- Utah DOT also used the 94-percent claim it in its promotional videos for autonomous vehicles (it's at :49 in this YouTube video) and as recently as Sept. 10 of this year, UDOT is cited as claiming 94 percent of crashes are due to human error in this piece about technology. (Utah DOT declined to comment.)
- The National Center for Rural Road Safety, a consortium of universities and consulting firms funded by Federal Highway Administration and based at Montana State University, just rolled out “Rural Road Safety Awareness Week” with a conversation starter: “The overwhelming majority of crashes —over 94 percent — are caused by human errors.”
- Iowa DOT’s “Zero Fatalities” campaign ignores NHTSA's disclaimer with this statement on its website: “94 percent of crashes are caused by human error.
The Iowa DOT Director of Traffic & Safety, Steve Gent, said the agency uses the 94 percent stat merely as a way of "generalizing the results from this study and in no way are we referencing any individual crash or case. We are using this research to educate ourselves and others as to the best estimated cause of crashes in our country.”
Fixing the error
Use of the erroneous claim cannot be blamed solely on DOTs. NHTSA is just as guilty for misusing it as a way to advocate for autonomous vehicles. In a July, 2017, hearing before the House Transportation Committee, NHTSA President Jack Danielson defied his own agency’s caution about using the 94 percent statistic, telling members of Congress, “We do know that over 90 percent of serious crashes are due to human choice and error.”
And NHTSA’s Automated Vehicles for Safety website states: “Automated vehicles’ potential to save lives and reduce injuries is rooted in one critical and tragic fact: 94 percent of serious crashes are due to human error.”
I found that NHTSA site with the help of Matt Bruning, the spokesman for the Ohio DOT, after I tweeted a link to the Drive Ohio publication. Bruning then sent me several links showing NHTSA using the claim in ways NHTSA says it shouldn’t be used.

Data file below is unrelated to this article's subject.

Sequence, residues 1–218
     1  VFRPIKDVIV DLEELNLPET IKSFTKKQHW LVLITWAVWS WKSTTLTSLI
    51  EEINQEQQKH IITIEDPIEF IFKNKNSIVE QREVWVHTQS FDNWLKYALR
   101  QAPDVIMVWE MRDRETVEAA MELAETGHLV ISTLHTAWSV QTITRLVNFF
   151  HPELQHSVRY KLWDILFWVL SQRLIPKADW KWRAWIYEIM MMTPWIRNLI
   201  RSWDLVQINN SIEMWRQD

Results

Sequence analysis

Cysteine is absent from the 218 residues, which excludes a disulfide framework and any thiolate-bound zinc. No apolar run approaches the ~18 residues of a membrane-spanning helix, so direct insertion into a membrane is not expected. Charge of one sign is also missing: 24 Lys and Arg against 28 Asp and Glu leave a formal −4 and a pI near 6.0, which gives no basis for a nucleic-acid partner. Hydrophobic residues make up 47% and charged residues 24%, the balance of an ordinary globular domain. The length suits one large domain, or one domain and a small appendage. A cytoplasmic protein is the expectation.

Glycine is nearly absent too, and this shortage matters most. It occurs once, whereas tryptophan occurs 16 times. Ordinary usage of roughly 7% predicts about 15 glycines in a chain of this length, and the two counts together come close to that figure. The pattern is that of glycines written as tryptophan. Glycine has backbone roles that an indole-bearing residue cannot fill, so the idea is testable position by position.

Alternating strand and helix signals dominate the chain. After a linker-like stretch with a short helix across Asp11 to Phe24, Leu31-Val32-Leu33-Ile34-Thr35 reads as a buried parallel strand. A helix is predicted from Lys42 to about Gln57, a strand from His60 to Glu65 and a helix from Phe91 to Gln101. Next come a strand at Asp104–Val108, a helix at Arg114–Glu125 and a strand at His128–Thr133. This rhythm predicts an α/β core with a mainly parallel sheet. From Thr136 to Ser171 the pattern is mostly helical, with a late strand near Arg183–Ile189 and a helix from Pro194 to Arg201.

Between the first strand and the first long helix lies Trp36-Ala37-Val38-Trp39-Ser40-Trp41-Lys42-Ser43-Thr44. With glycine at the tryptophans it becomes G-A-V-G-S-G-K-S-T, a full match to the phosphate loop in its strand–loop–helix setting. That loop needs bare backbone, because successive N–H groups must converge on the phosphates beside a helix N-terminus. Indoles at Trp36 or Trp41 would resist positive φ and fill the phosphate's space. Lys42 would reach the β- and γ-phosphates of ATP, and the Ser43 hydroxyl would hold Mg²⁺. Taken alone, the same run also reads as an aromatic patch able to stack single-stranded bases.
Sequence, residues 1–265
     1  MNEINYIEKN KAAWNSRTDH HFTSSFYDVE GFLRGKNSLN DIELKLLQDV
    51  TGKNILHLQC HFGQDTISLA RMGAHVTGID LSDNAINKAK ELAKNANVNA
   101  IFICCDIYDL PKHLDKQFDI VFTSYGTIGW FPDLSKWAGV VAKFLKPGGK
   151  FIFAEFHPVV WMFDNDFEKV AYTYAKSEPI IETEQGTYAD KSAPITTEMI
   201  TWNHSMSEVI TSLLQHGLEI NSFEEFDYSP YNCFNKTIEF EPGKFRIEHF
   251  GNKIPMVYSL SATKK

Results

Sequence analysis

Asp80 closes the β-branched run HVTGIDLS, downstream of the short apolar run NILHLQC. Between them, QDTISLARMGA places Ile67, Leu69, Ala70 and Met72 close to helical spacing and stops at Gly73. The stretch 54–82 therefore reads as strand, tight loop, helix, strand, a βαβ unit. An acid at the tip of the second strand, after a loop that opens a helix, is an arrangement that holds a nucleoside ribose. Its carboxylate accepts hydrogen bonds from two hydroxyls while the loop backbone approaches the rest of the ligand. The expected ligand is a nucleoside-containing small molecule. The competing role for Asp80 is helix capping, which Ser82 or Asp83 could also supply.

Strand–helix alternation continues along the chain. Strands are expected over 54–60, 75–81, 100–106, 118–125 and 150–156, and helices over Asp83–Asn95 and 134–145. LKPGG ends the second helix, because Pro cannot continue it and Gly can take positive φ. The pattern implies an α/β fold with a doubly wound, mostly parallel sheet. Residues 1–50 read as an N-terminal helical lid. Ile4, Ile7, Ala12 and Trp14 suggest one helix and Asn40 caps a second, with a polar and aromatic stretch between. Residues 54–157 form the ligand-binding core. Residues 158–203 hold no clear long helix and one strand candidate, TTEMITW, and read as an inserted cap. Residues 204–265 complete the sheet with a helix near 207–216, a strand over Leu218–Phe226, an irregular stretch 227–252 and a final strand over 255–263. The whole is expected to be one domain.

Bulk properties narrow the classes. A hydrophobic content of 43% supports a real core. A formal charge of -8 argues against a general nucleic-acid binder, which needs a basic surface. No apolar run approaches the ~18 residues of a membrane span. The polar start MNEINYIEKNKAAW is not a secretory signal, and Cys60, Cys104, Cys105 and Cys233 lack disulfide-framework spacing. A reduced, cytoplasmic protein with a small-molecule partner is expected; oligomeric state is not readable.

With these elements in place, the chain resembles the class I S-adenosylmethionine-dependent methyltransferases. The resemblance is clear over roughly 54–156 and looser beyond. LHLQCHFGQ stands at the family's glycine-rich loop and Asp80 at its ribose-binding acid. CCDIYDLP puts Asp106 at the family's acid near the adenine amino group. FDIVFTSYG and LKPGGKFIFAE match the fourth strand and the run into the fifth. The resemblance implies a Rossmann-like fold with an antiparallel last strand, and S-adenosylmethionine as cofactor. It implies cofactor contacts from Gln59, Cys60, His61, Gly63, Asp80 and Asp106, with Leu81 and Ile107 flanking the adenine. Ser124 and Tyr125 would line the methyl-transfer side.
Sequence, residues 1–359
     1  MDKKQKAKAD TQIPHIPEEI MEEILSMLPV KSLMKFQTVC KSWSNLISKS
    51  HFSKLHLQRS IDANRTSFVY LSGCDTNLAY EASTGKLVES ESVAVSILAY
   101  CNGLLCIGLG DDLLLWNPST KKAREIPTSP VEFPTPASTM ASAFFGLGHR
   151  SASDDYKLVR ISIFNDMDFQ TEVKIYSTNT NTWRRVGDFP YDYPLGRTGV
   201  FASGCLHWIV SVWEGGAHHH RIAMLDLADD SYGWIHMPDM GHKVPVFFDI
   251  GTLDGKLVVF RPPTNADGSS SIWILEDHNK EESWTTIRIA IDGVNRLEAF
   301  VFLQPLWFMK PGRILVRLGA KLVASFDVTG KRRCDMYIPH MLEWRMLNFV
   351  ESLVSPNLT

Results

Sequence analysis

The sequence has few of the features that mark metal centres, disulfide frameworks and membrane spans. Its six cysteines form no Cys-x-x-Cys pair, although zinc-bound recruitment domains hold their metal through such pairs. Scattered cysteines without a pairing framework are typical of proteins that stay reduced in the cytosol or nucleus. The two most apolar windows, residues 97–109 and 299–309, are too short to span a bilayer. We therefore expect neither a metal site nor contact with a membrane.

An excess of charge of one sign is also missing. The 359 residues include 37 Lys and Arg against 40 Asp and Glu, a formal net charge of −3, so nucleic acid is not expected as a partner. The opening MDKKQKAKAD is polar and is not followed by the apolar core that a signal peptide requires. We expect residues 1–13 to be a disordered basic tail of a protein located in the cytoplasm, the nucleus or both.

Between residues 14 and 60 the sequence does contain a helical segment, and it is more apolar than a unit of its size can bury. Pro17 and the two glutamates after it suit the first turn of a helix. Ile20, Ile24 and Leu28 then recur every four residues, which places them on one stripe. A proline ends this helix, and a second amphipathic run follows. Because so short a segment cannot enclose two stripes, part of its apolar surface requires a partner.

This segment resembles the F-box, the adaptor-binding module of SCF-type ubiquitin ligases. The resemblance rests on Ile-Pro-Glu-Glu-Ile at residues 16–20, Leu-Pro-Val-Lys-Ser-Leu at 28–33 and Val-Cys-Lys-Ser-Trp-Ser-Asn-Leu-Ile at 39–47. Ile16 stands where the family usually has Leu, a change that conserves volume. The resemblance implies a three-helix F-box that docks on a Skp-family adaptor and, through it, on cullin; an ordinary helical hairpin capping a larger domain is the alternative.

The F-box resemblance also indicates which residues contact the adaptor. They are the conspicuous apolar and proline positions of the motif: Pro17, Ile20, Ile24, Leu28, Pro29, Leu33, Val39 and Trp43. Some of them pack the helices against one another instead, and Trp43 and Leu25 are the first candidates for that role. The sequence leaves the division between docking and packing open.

Our exchange revealed that Ohio DOT is at least starting to question the statistic. The 94-percent claim, Bruning said, is “a figure that's widely used, but we've heard some interesting feedback about why it may not tell the whole story. … It's one reason we're working with some cities in Ohio on Vision Zero [Columbus and Cleveland]. However, we also know that all the engineering solutions we put into place are meaningless if drivers don't pay attention and drive responsibly.”
That’s what we should expect from out state DOTs.
The real litmus test for agencies like Ohio DOT will be the next step, as outlined in its Vision Zero materials: “Finally, when some road users inevitably fail to follow the rules … designers must take necessary steps to ensure that the resulting crashes do not result in people being killed or seriously injured.”
In May, I sent a lengthy email to Patrick McKenna, director of the Missouri DOT and currently AASHTO's president, asking him to explain the group's use of the 94-percent claim. I cited the AASHTO video I linked in this story, as well as his speech at this year’s Transportation Research Board conference.
McKenna got back to me on Sept. 24: “As with the NHTSA statistic being the intent of identifying critical reasons in crashes, my intent in using this statistic is not to assign fault, but to stress the part that we all play in eliminating fatalities and serious injuries — both safety professionals from all disciplines and road users themselves.”